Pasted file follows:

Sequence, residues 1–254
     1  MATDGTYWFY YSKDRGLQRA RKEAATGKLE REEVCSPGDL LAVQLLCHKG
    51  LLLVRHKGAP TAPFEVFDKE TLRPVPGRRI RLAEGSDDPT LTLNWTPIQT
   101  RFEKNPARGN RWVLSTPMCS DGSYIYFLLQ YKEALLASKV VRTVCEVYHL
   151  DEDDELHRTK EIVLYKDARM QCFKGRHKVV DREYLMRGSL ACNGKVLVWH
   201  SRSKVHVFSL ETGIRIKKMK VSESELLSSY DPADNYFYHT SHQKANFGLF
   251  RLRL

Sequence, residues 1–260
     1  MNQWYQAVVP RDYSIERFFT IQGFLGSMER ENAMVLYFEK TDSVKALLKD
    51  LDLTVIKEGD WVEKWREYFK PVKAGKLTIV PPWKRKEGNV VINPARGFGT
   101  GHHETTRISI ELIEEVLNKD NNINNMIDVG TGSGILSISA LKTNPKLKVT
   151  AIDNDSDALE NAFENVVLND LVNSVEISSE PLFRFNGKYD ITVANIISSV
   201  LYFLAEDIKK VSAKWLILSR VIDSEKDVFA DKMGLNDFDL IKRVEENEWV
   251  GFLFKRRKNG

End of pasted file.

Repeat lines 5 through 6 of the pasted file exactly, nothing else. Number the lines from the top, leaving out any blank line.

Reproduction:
   151  DEDDELHRTK EIVLYKDARM QCFKGRHKVV DREYLMRGSL ACNGKVLVWH
   201  SRSKVHVFSL ETGIRIKKMK VSESELLSSY DPADNYFYHT SHQKANFGLF